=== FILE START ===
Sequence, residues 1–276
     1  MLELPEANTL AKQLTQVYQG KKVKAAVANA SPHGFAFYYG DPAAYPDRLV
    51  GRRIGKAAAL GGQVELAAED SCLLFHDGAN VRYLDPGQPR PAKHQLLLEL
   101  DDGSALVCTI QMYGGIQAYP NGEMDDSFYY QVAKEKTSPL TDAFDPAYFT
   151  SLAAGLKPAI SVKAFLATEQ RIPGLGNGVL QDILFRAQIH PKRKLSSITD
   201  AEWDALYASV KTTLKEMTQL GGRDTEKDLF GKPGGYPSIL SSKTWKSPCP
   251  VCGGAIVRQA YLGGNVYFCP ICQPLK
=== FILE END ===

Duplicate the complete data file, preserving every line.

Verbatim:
Sequence, residues 1–276
     1  MLELPEANTL AKQLTQVYQG KKVKAAVANA SPHGFAFYYG DPAAYPDRLV
    51  GRRIGKAAAL GGQVELAAED SCLLFHDGAN VRYLDPGQPR PAKHQLLLEL
   101  DDGSALVCTI QMYGGIQAYP NGEMDDSFYY QVAKEKTSPL TDAFDPAYFT
   151  SLAAGLKPAI SVKAFLATEQ RIPGLGNGVL QDILFRAQIH PKRKLSSITD
   201  AEWDALYASV KTTLKEMTQL GGRDTEKDLF GKPGGYPSIL SSKTWKSPCP
   251  VCGGAIVRQA YLGGNVYFCP ICQPLK